# Two's complement

### From Sonic Retro

**Two's complement** is by far the most common method of representing signed numbers (those that can be either negative or positive) in computing. Virtually every processor made since the late 1970s uses it, including the Z80 and 68000.

Two's complement is calculated by taking the bitwise NOT of a number (or *complementing* it) and adding one to the result. Any carry (overflow) bits are ignored. For instance, to find -7, we would start with the eight-bit binary number 0000 0111:

!(0000 0111) = 1111 1000 1111 1000 + 1 = 1111 1001

The process is reversable:

!(1111 1001) = 0000 0110 0000 0110 + 1 = 0000 0111

Let's say we wanted to find the two's complement of 0.

!(0000 0000) = 1111 1111 1111 1111 + 1 = 1 0000 0000 = 0000 0000

The two's complement of 0 is 0. A negative zero is impossible when using two's complement.

It should be noted that when the number is positive, the most significant bit will be clear (zero). If it's negative, the MSB will be set (one). The MSB is often referred to as the "sign bit" for this reason. "Sign extention" is the process of extending an 8-bit number into a 16-bit number, or a 16-bit number into a 32-bit number, by repeating the original number's sign bit in all of its more significant bits. For instance, our 8-bit 7 can be made into a 16-bit 7:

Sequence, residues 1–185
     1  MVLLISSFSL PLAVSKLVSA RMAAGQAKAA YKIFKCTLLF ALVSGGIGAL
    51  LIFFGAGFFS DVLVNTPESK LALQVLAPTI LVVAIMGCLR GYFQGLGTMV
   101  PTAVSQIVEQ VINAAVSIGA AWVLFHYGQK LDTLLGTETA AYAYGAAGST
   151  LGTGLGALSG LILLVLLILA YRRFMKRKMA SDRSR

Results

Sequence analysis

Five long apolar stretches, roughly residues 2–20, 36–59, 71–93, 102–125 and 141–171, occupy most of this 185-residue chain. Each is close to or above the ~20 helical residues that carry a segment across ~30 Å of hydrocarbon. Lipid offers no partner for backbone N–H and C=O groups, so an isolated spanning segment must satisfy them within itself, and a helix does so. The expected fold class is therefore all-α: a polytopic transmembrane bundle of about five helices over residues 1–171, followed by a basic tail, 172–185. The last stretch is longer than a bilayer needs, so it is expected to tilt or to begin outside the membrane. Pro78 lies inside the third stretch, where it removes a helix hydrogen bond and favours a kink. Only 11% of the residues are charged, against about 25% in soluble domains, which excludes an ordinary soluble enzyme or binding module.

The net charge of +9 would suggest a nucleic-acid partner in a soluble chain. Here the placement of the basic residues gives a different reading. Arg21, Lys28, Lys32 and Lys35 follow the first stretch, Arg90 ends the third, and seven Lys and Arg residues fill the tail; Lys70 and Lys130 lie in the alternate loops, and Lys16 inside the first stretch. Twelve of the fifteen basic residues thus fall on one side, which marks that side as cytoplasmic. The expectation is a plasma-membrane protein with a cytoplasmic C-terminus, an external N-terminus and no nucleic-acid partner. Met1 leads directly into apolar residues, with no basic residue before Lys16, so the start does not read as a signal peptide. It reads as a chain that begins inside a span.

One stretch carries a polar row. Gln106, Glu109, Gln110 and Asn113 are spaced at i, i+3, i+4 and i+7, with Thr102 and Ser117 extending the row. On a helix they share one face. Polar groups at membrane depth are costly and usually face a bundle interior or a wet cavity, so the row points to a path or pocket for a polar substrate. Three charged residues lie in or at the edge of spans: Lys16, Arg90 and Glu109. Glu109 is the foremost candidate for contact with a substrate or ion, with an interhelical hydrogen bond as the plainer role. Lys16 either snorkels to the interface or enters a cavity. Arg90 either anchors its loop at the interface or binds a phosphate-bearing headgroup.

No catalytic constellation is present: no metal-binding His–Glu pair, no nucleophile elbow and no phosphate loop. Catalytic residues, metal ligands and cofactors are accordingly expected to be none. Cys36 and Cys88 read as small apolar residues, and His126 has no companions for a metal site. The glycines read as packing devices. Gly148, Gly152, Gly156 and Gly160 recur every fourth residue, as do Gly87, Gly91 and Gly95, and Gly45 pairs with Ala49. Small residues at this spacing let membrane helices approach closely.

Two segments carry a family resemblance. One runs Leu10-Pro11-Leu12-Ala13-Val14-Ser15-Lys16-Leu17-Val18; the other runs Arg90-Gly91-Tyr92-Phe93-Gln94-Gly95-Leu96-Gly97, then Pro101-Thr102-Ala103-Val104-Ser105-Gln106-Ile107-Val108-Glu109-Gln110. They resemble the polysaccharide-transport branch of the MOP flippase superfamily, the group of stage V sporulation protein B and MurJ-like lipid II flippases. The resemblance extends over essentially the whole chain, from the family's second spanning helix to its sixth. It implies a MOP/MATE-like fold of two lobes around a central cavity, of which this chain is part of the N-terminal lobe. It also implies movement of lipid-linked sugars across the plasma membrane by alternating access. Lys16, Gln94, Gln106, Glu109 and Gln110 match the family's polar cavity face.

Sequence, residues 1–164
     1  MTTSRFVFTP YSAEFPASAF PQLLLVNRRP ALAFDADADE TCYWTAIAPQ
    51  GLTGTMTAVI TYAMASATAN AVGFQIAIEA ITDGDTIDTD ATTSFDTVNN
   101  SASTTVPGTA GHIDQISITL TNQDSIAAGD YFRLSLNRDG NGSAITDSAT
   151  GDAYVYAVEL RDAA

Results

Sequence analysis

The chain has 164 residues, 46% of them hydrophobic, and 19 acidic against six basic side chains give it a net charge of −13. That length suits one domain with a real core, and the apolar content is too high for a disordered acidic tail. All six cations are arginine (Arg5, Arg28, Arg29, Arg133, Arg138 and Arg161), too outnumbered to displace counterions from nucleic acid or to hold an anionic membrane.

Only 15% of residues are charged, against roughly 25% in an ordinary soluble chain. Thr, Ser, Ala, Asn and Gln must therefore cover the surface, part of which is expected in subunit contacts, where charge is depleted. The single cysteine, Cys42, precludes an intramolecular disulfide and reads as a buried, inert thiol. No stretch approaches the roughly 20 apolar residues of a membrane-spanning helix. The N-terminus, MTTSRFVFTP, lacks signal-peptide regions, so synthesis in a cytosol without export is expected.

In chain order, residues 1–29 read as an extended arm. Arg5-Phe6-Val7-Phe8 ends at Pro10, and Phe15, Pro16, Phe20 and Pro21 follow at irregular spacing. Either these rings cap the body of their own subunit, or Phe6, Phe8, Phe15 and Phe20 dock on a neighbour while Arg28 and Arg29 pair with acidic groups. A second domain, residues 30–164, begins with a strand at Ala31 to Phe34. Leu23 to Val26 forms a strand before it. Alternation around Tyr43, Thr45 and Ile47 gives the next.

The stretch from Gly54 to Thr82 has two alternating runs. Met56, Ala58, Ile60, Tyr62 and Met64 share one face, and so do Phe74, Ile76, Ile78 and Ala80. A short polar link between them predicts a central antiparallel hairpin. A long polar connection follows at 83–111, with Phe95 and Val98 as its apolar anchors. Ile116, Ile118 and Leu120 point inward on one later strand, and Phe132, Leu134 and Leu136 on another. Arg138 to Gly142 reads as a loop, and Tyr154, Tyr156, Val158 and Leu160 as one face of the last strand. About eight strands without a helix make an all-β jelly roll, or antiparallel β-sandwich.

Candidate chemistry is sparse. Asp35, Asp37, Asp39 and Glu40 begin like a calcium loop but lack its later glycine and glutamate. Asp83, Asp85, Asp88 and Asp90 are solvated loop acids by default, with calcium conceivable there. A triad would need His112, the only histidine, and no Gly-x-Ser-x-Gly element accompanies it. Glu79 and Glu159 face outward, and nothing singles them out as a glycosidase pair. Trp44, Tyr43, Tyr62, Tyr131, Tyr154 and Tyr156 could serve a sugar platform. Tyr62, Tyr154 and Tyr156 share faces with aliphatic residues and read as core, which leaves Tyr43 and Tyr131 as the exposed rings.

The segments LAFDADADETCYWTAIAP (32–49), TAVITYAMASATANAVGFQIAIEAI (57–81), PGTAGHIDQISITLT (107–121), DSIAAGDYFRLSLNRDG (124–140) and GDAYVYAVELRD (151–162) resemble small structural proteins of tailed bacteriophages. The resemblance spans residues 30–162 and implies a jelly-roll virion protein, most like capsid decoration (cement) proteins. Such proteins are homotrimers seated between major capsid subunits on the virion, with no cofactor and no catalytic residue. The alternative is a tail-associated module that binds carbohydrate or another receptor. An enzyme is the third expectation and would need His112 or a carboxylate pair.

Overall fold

0000 0111 = 0000 0000 0000 0111

Likewise for -7:

1111 1001 = 1111 1111 1111 1001

In both cases, the number in bit 7 was repeated in bits 8-15.

It is very simple and cheap to implement signed addition when using two's complement, because you do not need to determine the sign beforehand. For example, let's take 5 + -3:

0101 + 1101 ------ 10010 = 0010

The intermediate result is 18, which seems incorrect. But dropping the overflow bit gives us the correct answer of 2. This works for any set of numbers. Note that 5 + (-3) is the same as 5 - 3. It follows that we can use an adder circuit to subtract numbers by taking the two's complement of the subtrahend if the numbers have the same sign.